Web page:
What kind of person should we look for to be part of our worship team? Typically, the first thing we notice is musical gifting. That’s important, but musical ability is secondary to issues of heart and character. A phenomenal musician, with no heart for God, will actually hinder the worship of God we seek to inspire.
For that reason, church worship team members should desire, above all else, to see God glorified. They should be passionate about seeing God’s name honoured, His mercies extolled, and His greatness proclaimed. This will require study and meditation in God’s Word. Therefore, our musicians should be devoted to the spiritual disciplines of prayer and Bible study. What we are before the congregation has its roots in our times alone with God.
A second attitude that should characterize those on our worship teams is humility, flowing from a fear of God. Something has gone tragically wrong when church musicians have a reputation for seeking the spotlight, comparing themselves to others, or needing to be handled with kid gloves. We have forgotten who we are before God, who “esteems he who is humble and contrite in spirit” (Isaiah 66:2). To God, arrogance and pride look no better in a musician than in anyone else. In his outstanding book, The Joy of Fearing God, Jerry Bridges writes, “The fear of God and the worship of Him feed each other. The more we fear God — bowing before Him in reverential awe -? the more we’ll be compelled to worship Him.” Our temptation to view ourselves more highly than we ought has little to do with personality, temperament, or musical gifting. It has everything to do with how we view ourselves before God.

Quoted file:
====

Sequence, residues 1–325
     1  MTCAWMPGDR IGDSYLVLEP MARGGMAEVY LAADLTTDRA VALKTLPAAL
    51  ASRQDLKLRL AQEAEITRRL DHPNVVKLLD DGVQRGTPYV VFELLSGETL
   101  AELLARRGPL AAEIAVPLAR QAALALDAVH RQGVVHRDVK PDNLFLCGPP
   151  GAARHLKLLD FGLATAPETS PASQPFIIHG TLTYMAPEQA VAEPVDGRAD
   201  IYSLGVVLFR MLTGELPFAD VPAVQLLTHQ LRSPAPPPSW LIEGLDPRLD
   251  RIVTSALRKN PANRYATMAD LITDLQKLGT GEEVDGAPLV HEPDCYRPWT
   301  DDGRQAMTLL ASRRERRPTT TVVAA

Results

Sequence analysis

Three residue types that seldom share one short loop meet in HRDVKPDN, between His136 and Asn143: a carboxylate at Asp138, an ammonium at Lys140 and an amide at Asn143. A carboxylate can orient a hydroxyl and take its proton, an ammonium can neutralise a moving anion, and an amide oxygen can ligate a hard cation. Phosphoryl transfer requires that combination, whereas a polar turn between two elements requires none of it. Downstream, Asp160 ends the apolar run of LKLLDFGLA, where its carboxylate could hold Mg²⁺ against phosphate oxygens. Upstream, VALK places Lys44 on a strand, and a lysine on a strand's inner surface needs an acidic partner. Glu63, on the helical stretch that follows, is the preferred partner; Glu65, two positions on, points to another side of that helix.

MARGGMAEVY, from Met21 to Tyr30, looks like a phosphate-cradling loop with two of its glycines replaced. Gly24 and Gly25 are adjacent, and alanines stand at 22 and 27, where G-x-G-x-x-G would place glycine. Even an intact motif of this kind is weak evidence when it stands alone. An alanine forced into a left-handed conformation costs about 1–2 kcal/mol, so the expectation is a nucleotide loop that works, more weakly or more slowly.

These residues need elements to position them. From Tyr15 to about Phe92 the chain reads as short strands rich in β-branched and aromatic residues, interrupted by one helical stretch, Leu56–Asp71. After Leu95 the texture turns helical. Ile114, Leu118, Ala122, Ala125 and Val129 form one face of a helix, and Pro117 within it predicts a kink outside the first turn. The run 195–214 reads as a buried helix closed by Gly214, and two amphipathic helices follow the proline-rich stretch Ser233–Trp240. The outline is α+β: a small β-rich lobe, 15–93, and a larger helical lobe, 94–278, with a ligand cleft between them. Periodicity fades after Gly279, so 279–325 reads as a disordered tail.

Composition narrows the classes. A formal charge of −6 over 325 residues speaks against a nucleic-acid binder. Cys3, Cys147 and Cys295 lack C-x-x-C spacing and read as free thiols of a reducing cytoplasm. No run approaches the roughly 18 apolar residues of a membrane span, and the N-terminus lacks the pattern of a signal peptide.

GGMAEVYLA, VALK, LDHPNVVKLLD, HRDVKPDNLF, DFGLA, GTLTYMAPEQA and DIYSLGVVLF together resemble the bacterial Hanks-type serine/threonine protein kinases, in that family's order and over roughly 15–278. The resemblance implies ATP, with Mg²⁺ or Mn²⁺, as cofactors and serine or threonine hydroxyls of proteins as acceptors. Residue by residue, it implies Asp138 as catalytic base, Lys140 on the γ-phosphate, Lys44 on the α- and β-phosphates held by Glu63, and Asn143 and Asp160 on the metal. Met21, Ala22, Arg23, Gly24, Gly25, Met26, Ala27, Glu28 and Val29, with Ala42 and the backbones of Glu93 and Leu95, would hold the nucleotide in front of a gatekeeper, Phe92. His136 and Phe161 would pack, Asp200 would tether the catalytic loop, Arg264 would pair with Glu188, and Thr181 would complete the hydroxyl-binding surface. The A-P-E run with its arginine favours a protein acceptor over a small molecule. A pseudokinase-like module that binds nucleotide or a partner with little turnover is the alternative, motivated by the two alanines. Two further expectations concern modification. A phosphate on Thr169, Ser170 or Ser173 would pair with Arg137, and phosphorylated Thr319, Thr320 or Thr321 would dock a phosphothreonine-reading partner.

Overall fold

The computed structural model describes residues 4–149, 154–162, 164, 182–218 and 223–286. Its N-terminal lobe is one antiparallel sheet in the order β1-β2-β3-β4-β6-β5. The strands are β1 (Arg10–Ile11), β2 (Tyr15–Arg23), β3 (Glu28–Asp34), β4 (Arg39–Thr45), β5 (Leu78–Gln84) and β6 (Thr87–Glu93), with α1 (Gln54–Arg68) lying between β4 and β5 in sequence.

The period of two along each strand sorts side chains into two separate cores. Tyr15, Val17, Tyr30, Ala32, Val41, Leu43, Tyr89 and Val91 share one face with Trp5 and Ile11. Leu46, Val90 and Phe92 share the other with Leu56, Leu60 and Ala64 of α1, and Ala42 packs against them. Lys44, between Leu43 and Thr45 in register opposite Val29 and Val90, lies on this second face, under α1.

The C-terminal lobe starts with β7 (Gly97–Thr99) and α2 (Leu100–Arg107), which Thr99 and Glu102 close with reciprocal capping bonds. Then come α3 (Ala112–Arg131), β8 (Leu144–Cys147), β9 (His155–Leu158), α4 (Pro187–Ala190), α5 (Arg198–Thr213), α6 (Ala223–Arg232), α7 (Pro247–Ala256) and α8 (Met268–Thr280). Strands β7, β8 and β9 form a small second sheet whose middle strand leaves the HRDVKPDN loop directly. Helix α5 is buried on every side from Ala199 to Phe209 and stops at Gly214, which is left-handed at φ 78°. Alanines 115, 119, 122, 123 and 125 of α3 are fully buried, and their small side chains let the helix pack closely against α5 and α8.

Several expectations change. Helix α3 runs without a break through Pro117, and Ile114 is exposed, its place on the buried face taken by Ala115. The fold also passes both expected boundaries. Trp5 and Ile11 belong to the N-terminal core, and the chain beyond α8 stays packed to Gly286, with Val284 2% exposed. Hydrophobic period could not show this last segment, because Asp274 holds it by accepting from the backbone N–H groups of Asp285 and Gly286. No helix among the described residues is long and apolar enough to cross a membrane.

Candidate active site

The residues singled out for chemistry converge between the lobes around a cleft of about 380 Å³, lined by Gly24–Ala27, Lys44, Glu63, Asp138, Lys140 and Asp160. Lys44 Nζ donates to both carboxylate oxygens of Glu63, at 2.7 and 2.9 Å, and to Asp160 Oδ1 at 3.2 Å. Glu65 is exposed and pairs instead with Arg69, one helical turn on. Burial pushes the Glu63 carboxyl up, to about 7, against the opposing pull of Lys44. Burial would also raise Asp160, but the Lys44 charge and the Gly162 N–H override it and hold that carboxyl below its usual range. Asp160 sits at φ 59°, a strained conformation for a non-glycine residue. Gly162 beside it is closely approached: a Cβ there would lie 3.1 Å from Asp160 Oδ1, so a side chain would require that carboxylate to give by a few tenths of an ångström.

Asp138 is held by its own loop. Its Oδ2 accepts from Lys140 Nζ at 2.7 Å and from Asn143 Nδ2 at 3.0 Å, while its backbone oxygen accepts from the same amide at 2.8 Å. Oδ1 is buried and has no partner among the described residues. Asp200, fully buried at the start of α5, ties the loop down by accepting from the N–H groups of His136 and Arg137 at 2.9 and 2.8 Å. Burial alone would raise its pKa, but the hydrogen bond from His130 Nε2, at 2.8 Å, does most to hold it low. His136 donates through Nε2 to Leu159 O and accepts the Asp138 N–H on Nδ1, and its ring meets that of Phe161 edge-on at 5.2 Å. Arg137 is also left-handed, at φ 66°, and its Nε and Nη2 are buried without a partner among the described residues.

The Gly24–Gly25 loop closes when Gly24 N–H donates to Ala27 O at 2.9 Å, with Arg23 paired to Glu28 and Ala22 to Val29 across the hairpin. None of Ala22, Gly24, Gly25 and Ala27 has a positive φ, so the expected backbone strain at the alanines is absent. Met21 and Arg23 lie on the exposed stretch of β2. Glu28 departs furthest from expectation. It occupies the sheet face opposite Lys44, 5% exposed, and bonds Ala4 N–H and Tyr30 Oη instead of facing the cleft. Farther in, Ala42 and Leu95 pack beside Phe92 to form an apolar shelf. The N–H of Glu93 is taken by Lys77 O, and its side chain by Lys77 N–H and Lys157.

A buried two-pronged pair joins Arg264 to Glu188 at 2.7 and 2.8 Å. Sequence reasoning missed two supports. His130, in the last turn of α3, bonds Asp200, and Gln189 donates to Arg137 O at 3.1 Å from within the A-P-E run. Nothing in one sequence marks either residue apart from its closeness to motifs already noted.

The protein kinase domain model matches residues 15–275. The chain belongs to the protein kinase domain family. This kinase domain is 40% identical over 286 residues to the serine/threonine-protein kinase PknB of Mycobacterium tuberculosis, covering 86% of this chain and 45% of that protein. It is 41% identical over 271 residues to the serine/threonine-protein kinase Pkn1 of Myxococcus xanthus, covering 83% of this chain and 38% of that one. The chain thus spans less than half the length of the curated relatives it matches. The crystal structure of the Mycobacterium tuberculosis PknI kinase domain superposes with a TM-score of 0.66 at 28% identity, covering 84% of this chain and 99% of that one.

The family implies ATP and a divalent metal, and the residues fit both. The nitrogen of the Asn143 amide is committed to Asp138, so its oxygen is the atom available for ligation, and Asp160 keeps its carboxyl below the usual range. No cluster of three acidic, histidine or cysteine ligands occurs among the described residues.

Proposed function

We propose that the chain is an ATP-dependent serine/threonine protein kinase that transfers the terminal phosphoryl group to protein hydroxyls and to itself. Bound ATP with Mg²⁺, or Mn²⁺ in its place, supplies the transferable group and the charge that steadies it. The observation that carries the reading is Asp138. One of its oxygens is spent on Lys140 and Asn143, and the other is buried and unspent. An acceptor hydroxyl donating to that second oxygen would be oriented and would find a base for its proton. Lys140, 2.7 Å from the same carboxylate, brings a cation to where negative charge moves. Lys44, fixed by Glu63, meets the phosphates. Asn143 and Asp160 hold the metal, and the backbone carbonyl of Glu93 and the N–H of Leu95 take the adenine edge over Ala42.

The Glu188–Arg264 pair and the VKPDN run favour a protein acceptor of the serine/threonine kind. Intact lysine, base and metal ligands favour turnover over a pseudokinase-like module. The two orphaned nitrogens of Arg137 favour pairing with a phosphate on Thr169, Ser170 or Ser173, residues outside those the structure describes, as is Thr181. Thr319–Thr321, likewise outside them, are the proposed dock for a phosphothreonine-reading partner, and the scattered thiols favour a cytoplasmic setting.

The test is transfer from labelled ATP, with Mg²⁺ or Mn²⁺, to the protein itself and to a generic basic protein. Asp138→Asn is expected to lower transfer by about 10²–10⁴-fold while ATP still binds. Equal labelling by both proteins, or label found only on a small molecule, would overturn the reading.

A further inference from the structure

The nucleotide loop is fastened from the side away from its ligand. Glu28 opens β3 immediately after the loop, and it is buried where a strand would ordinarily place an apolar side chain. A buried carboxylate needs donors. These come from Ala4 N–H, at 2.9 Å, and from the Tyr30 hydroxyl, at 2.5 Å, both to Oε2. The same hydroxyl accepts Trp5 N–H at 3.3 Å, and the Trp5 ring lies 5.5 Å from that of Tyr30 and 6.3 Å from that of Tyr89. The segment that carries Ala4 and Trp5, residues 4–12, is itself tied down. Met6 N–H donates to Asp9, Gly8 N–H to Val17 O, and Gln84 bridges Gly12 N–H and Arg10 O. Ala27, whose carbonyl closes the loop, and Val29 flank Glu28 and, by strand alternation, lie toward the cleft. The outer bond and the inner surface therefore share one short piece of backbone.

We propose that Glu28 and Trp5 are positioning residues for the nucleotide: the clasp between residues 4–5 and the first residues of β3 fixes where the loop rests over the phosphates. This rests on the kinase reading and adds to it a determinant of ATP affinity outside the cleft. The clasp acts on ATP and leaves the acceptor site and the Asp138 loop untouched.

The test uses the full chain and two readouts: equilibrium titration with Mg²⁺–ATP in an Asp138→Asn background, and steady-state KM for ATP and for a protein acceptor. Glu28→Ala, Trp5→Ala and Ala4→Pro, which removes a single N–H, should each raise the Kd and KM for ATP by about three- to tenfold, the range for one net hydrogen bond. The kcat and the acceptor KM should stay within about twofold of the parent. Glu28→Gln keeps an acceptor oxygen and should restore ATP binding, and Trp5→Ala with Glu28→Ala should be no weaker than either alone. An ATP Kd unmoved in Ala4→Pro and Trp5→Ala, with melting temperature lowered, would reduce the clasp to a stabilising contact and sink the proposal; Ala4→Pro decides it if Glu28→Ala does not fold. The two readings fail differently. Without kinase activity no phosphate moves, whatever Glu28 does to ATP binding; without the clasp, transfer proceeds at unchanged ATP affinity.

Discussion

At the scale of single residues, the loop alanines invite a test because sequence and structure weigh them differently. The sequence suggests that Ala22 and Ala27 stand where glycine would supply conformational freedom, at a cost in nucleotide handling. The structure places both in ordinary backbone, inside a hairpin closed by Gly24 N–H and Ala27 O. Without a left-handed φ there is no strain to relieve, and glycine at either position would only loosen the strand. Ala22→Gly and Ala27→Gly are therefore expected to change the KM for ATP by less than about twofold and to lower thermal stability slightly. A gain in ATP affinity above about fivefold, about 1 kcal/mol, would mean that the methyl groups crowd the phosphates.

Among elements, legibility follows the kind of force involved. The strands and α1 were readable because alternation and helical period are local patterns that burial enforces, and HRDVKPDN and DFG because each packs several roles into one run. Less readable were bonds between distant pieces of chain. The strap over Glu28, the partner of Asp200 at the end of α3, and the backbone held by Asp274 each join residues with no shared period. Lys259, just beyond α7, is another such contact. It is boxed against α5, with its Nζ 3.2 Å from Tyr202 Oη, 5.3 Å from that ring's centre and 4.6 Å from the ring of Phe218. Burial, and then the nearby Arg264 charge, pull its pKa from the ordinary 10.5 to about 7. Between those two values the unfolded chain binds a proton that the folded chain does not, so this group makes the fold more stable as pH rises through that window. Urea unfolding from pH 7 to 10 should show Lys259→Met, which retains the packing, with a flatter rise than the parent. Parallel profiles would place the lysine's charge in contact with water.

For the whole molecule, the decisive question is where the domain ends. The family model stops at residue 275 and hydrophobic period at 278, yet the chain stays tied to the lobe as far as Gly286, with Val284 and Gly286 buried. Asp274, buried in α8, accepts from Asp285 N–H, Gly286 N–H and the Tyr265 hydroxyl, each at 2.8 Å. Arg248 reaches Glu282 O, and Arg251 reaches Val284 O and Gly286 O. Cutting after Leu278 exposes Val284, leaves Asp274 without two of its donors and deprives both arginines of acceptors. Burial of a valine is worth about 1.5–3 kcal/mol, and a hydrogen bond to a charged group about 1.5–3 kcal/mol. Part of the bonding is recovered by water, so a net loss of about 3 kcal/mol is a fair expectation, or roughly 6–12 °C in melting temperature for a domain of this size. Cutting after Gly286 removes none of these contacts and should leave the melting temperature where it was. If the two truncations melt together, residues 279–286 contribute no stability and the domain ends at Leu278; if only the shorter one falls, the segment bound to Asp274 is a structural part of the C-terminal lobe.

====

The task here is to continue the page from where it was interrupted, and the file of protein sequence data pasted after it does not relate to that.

Another characteristic that musicians in the church should exemplify is expressiveness. Psalm 34:5 says that “those who look to him are radiant; their faces are never covered with shame.” We are not meant to remain emotionless as we exalt the Lord. The Bible overflows with references to passionate responses to God’s word and works. Whether it be jubilant celebration before the Lord, solemn reflection, or repentant brokenness, a worshiper expresses His relationship with God in ways that benefit and edify others.
Finally, our musicians should be among the most grateful members of the church. What a privilege it is to serve God’s people by leading them in the public worship of our great and awesome King! In Psalm 50:23 God promises us that, “He who sacrifices thank offerings honours me, and he prepares the way so that I may show him the salvation of God.” Gratefulness invites God’s activity. Rather than being known for complaining or backbiting, church musicians should stand out for their continued expressions of thankfulness for the gift of eternal life and the privilege of serving God’s people.